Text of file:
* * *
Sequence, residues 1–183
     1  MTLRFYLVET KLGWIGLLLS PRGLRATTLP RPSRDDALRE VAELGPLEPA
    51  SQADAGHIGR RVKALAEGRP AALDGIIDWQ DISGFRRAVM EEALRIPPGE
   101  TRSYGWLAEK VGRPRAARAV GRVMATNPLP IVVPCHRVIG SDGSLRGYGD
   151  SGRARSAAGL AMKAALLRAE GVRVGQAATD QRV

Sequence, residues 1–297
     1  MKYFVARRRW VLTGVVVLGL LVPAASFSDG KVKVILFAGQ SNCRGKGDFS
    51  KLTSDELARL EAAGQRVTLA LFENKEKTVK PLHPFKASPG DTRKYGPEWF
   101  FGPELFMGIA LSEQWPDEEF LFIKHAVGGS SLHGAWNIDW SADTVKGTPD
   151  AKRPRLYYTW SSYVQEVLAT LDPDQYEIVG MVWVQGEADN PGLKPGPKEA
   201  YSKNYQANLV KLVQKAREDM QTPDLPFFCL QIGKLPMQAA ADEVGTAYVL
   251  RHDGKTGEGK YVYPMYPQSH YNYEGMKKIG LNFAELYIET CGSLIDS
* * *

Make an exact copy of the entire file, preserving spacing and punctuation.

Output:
Sequence, residues 1–183
     1  MTLRFYLVET KLGWIGLLLS PRGLRATTLP RPSRDDALRE VAELGPLEPA
    51  SQADAGHIGR RVKALAEGRP AALDGIIDWQ DISGFRRAVM EEALRIPPGE
   101  TRSYGWLAEK VGRPRAARAV GRVMATNPLP IVVPCHRVIG SDGSLRGYGD
   151  SGRARSAAGL AMKAALLRAE GVRVGQAATD QRV

Sequence, residues 1–297
     1  MKYFVARRRW VLTGVVVLGL LVPAASFSDG KVKVILFAGQ SNCRGKGDFS
    51  KLTSDELARL EAAGQRVTLA LFENKEKTVK PLHPFKASPG DTRKYGPEWF
   101  FGPELFMGIA LSEQWPDEEF LFIKHAVGGS SLHGAWNIDW SADTVKGTPD
   151  AKRPRLYYTW SSYVQEVLAT LDPDQYEIVG MVWVQGEADN PGLKPGPKEA
   201  YSKNYQANLV KLVQKAREDM QTPDLPFFCL QIGKLPMQAA ADEVGTAYVL
   251  RHDGKTGEGK YVYPMYPQSH YNYEGMKKIG LNFAELYIET CGSLIDS